The 2024 Oregon Legislative Session is Complete

Oregon lawmakers adjourned their 2024 "short" session Thursday March 7th, three days before constitutional sine die.  

Although quite bipartisan in nature, there was not a walkout that many had feared, and that has characterized most past sessions in recent history. This was particularly surprisingly given the Oregon Supreme Court announcement days before session started, upholding the legality of a new law that is barring 9 Republican and 1 independent legislators from running for reelection in November. 

At the start of session, leadership declared that there would be two major priorities that would be the focus of session, housing, and Measure 110 reform. Both of which were addressed and resolved in a bipartisan manner, though not without plenty of debate. Under an increasing threat of a ballot measure this November, both parties came together to recriminalize possession of small amounts of hard drugs and responded to the state’s addiction crisis with a $211 million appropriation for treatment, as part of new programs to allow people to go through treatment and avoid jail time or a criminal record.

Lawmakers also approved $376 million for infrastructure and incentives to build houses and gave cities the option to more easily add new land to build housing. They gave Oregonians the right to repair their own electronic equipment and directed the Oregon Treasury to divest from companies that make their money from coal production." In addition, the legislature enacted campaign finance limits that will prevent an additional ballot measure this fall.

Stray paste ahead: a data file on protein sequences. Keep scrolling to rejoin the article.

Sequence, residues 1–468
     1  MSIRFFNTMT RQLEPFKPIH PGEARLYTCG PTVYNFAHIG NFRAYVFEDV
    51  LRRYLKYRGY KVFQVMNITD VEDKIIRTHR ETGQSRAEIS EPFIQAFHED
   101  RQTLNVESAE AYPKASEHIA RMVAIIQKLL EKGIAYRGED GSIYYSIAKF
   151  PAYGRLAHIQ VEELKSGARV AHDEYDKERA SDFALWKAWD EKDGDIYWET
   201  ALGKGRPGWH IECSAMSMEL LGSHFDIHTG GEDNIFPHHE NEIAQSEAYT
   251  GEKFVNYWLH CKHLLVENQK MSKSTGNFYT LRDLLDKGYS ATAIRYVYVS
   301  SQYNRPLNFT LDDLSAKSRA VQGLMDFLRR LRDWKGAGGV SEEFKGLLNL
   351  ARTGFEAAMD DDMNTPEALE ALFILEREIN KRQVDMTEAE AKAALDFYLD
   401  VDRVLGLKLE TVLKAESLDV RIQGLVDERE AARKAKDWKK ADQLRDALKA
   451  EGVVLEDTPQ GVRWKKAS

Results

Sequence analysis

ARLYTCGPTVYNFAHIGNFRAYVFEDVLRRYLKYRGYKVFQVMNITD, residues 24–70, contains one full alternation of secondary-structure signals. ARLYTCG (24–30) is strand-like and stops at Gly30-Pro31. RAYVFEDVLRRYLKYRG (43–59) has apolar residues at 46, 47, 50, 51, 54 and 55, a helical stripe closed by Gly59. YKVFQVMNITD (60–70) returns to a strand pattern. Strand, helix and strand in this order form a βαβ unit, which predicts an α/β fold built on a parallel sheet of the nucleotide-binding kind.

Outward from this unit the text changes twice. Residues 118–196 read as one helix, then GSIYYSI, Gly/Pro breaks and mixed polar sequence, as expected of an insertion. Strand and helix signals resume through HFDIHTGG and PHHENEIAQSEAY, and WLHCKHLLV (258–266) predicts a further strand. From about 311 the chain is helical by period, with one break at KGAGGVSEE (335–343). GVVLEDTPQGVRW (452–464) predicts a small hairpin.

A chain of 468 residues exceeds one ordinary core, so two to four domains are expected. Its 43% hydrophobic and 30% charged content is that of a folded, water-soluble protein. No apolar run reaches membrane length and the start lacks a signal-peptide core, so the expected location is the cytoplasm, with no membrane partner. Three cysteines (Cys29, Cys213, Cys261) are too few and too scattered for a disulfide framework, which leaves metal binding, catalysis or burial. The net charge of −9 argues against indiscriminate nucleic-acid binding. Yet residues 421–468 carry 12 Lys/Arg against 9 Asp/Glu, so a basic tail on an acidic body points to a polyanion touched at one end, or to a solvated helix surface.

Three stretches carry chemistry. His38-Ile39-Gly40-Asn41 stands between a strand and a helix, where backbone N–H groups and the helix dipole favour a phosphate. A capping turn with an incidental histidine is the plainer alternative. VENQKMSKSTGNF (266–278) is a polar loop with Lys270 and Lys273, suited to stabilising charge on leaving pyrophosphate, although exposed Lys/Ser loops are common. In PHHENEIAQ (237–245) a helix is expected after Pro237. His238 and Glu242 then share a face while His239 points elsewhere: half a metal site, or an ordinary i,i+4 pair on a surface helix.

American Heart Association priorities faired okay this short session. While we were unable to secure an additional $1million for the Double Up Food Bucks Program to be able to maximize a federal match in the fall, the state did fund the summer EBT program which will help close the summer hunger gap when kids are on summer break and not getting nutritious school meals.

Beyond our nutrition security portfolio, we were able to make some great strides in our systems of care work with the passage of HB 4081, championed by Rep. Dacia Grayber, which will start to modernize the state EMS system and allow for future improvements like data registries and hospital designations that will help ensure patients get the right treatment in the right hospital as quickly as possible.

The American Heart Association Oregon advocacy team will now focus our efforts on tracking the admin rule process for EMS modernization while we also continue momentum building for the 2025 legislative session, with coalition building to support tobacco flavor restriction policy, universal school meals and cardiac emergency response plans.


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